It is unlikely that SRC will be covered by this article although there might be an opportunity to support the costs of establishment of fast growing trees. We would welcome any initiative that supports the planting of high yielding, single stemmed trees grown over a rotation of 10-15 years for biomass and fibre production. Poplar (Populus spp.) and willow (Salix spp.) and exotics such as Eucalyptus, Nothofagus and Robinia show tremendous potential and should be supported. However, we feel that fast growing trees that have additional biodiversity and environmental benefits should also be rewarded with annual payments. Without such inducements it is unlikely that sufficient growers will take the long term financial risk on this land use option. If we cannot encourage our own land owners to plant trees for bioenergy purposes then we will be reliant on imports of biomass in order to help meet our renewable energy and climate change targets. The UK is already a net importer of fossil fuels so we should be focusing on ways to maximize indigenous and secure supply of biomass for the future.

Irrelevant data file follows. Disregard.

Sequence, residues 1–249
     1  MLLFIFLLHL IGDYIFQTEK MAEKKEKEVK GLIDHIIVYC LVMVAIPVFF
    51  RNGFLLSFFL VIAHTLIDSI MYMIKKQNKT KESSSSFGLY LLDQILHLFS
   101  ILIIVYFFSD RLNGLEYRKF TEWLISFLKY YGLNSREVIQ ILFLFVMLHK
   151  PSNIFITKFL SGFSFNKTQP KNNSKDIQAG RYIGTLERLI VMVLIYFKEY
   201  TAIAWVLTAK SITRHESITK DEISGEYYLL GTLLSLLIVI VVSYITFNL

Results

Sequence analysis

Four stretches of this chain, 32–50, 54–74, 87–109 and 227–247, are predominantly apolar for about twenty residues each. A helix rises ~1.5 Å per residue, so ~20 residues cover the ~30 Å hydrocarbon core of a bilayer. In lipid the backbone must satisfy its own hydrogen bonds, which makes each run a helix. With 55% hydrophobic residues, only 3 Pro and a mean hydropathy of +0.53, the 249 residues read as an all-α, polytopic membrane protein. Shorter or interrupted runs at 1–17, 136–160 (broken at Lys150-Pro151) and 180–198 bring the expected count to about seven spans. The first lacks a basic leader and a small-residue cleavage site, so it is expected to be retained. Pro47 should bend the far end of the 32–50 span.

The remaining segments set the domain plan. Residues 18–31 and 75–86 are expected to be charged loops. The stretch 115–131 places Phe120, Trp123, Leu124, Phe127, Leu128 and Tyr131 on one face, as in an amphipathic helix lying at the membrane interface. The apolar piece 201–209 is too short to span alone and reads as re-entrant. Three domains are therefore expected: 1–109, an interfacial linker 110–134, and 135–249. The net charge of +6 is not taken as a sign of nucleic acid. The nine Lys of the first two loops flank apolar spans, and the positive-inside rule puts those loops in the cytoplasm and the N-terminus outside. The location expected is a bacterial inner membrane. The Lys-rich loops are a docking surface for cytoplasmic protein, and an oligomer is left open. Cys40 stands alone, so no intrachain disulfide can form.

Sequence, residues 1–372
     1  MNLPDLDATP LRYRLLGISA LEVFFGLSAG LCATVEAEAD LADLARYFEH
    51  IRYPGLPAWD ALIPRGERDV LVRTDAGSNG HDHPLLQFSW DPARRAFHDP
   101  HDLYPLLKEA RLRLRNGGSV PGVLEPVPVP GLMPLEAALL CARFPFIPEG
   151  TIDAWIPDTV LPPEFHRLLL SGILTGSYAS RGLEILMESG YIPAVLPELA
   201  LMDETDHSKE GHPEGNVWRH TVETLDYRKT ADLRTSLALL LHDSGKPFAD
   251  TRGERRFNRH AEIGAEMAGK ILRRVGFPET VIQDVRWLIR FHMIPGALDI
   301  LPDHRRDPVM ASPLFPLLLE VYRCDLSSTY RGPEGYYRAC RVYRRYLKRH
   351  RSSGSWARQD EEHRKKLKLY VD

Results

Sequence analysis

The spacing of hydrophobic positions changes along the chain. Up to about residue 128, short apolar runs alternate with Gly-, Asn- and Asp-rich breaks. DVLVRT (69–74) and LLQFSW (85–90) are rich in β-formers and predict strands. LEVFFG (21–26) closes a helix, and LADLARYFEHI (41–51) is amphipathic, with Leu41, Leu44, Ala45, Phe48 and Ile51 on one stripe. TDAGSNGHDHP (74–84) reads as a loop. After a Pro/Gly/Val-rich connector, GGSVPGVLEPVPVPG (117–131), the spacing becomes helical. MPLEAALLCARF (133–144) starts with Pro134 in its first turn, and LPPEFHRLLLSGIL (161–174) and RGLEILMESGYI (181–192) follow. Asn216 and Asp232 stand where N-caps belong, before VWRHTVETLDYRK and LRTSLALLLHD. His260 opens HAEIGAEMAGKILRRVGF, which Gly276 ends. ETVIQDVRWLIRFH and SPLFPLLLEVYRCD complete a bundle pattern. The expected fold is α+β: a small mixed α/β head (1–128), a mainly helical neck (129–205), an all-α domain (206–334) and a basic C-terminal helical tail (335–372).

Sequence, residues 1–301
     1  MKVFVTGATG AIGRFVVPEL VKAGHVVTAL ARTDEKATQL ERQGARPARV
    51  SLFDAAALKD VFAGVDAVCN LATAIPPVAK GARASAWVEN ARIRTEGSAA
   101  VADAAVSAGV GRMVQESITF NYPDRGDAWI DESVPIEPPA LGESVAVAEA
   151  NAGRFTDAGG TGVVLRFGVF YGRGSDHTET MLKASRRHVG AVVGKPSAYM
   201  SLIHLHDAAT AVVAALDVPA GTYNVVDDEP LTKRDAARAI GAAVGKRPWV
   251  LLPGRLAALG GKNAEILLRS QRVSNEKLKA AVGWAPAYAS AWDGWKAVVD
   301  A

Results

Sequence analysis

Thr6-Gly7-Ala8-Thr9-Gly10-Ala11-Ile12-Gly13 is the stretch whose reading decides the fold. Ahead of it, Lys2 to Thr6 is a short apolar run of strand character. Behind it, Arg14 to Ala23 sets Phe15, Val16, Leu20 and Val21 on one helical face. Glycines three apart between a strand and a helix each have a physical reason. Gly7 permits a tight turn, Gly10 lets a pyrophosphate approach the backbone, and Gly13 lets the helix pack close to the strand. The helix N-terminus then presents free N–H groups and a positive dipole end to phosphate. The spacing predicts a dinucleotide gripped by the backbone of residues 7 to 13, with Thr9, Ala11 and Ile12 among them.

ARTICLE 21: Basic services and village renewal in rural areas


ARTICLE 27: Investments in improved forestry technologies and in processing, mobilising and marketing of forest products

Both of these articles are likely to support infrastructure. Article 27 suggests that incentives will be provided to SMEs for processing and marketing, mobilizing and adding value to forest products. We would encourage this to be widened to make sure that energy crops infrastructure is covered. One of the main barriers to the take up of energy crops is the lack of machinery to plant, harvest and process the crops.

Ideally, there should be a dedicated grant scheme for energy crops infrastructure and processing projects. Based on our findings in the SW of England around £1.53 million of funding is required from 2014-2020 to be able to plant and harvest 3,000 hectares per year and process 40,000 tonnes of biomass per year. Our view is that grants for initial infrastructure projects should be up to 75% of the capital costs.

As energy crops will ultimately make up the majority of biomass produced in the EU we think that it is imperative that infrastructure projects receive targeted support during the 2014-2020 period.


ARTICLE 30:  Crop diversification

This article states:

  • Where the arable land of the farmer covers between 10 and 30 hectares, cultivation on the arable land shall consist of at least two different crops. None of those crops shall cover more than 80% of the arable land.
  • Where the arable land of the farmer covers more than 30 hectares, cultivation on the arable land shall consist of at least three different crops. The main crop shall not cover more than 75% of the arable land and the two main crops together shall not cover more than 95% of the arable land.